Music as a bridge to peace

In October 2005, a “DJ Summit” was held in Jerusalem to show the world that music can overcome differences and bridge cultural gaps. Entitled “Bridge for Peace”, the party brought together three DJ’s who came from cultures currently at war with one another.

The evening featured the house rhythms of Khalil Kamal from Ramallah in the West Bank, followed by the Arabic groove of Srulik Einhorn from Tel Aviv in Israel, and ended with the progressive house of Morad Kalice from Amman, Jordan. At a time when war has torn apart any political or social cooperation between their home countries, music served to connect them and enable them to see their similarities rather than their differences.

The summit was the idea of Srulik Einhorn, who is credited with helping to introduce Arabic electronic music to Tel Aviv’s bars and clubs. After years of playing the music, he began making contact with DJ’s in neighboring Arab countries. Einhorn visited Jordan where he met DJ Kalice, and attempted to bring him to a party in Tel Aviv. Kalice was initially refused entry, but eventually, the Interior Ministry issued a visa for Kalice to come to Israel. For the event, they chose the holy city of Jerusalem, and its largest club Haoman 17.

“It’s a nice event of cooperation, and it’s never been done in the region,” said Einhorn. “Also, being in Jerusalem means doing it in the holy city to three religions.”

During his performance, DJ Kalice displayed cellular text messages of encouragement from friends back in Jordan. “The message that I want to bring to the people is that music should bring people together,” he said.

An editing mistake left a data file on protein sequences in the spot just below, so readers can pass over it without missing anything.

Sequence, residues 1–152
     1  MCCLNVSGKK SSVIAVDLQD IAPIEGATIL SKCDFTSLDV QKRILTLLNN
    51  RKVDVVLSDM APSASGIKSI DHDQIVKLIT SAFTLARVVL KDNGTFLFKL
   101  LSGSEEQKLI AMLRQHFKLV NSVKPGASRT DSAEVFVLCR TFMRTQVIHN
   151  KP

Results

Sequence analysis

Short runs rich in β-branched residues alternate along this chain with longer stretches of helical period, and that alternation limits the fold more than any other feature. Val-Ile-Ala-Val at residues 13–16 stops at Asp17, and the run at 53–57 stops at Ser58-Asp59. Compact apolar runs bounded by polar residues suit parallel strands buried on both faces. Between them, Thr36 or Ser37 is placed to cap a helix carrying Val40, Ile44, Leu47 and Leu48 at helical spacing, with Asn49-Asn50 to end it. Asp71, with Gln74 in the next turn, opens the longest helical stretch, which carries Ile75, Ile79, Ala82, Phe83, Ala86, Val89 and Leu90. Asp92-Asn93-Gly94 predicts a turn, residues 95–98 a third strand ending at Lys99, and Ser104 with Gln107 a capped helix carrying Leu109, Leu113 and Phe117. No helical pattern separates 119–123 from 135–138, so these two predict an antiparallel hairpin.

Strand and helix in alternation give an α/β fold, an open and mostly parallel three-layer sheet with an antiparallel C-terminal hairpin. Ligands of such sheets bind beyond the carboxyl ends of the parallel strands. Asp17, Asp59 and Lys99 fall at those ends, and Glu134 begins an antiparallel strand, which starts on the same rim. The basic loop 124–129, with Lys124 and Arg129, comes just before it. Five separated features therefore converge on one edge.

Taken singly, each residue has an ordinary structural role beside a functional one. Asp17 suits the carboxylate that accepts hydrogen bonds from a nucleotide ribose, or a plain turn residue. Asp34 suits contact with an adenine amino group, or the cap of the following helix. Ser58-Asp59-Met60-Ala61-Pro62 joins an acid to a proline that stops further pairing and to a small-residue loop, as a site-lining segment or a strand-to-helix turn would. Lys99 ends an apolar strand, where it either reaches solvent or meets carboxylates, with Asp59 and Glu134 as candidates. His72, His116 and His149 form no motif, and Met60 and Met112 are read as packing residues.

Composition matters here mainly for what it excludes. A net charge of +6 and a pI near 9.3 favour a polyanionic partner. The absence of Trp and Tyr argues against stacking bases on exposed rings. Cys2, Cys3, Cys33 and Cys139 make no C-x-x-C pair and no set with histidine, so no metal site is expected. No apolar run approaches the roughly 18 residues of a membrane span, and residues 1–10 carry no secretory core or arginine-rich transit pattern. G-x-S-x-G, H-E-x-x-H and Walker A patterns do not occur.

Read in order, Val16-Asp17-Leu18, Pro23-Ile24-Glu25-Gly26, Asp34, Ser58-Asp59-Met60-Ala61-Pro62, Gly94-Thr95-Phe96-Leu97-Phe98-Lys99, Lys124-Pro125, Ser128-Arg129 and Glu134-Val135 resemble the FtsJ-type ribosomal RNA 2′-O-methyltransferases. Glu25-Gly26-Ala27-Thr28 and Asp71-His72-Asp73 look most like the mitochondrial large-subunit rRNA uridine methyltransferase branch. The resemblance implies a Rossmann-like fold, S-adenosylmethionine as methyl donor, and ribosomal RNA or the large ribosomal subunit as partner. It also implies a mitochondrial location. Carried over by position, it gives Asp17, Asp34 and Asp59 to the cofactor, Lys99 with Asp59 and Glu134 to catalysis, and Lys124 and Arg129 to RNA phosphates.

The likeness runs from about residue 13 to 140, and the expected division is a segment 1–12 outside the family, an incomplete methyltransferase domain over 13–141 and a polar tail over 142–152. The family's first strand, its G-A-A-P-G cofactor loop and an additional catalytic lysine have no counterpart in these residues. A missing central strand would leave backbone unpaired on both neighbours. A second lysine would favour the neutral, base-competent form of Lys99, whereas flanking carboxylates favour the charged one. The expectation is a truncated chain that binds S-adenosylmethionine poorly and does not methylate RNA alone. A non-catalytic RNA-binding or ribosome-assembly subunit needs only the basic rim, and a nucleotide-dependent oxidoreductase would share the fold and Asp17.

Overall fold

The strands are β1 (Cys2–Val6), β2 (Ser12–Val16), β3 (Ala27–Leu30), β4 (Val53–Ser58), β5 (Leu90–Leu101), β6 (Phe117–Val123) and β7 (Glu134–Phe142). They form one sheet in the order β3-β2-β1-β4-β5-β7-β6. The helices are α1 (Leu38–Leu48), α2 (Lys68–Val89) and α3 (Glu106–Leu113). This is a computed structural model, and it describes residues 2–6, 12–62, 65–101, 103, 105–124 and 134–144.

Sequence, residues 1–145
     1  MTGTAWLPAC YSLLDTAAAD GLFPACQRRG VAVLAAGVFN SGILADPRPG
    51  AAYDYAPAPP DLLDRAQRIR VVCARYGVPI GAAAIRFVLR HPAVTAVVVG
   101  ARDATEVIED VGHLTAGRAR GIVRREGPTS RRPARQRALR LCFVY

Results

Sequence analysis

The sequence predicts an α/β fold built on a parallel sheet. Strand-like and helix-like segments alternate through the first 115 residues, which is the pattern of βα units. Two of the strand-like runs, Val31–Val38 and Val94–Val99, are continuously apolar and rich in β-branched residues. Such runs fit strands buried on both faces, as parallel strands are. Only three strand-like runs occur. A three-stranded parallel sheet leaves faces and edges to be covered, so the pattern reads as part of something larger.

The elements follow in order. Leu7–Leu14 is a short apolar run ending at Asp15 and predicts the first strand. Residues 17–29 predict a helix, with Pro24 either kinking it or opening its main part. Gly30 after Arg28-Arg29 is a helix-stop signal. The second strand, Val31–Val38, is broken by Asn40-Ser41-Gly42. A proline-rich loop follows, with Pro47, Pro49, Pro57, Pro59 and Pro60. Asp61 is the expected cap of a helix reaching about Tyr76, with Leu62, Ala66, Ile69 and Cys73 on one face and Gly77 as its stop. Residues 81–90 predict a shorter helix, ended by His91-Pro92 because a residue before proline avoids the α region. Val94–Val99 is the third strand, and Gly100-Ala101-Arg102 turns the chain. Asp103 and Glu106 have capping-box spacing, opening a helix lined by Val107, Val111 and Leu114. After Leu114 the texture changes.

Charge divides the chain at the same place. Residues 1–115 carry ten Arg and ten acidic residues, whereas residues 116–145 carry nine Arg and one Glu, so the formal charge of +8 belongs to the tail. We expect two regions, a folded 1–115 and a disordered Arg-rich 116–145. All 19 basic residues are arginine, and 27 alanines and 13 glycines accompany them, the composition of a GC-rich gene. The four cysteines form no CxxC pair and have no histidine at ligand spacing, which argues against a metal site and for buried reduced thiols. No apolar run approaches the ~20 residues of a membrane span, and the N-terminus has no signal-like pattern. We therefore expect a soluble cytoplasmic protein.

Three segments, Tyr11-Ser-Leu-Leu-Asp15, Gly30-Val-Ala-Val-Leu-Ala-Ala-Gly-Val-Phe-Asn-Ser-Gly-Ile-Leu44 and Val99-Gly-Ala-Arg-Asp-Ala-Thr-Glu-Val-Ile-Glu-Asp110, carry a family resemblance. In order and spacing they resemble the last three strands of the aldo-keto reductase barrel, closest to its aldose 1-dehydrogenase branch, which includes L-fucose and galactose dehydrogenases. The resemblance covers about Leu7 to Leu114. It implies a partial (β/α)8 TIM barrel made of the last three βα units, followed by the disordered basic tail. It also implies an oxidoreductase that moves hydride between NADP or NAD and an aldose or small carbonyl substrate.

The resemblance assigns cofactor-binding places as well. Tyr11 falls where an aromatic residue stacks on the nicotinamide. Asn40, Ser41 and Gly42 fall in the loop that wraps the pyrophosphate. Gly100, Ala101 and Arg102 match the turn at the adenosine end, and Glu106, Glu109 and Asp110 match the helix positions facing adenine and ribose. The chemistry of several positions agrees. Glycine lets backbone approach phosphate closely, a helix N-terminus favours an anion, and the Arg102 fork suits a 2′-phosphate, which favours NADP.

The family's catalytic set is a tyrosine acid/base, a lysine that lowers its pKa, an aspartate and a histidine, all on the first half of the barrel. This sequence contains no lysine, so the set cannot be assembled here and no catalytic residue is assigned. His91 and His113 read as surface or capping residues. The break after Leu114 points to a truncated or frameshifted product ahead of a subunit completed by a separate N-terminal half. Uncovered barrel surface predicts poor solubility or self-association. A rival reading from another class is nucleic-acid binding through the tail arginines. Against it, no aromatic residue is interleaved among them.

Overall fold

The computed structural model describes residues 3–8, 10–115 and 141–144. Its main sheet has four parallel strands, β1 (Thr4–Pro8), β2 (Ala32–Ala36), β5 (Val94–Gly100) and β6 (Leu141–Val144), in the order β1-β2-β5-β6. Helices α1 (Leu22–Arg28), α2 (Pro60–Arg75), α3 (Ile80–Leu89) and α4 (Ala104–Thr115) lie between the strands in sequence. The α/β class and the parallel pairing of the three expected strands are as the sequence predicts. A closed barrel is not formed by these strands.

Khalil Kamal is Ramallah’s leading DJ, but was born in Jerusalem. Being a DJ in the West Bank is not easy, and yet the 37 year old father of three has been performing for 11 years.

“It was the first time I was in such an atmosphere with a Jewish crowd. I was afraid that they wouldn’t accept me because I’m an Arab. But they accepted everything I played,” said DJ Khalil. “It wasn’t only music. It was the only night that we felt there was no difference between Israeli, Palestinian, and Jordanian. We hope that they will feel that way on the street.”

Because of travel restrictions and little publicity in East Jerusalem, there were mostly Israelis in the audience, many were soldiers on holiday. “It’s putting the enemy in the DJ spot, and… he’s not the enemy, he’s just the guy spinning the records,” said one attendee after leaving the club.

“We really enjoy performing together, and this allows the crowd to see that cooperation and coexistence between Israelis and Palestinians is possible.” said Srulik Einhorn.

DJ Srulik Einhorn and DJ Khalil will perform together again in London on the winter solstice in December 2006, at a party called “Bridge of Peace”.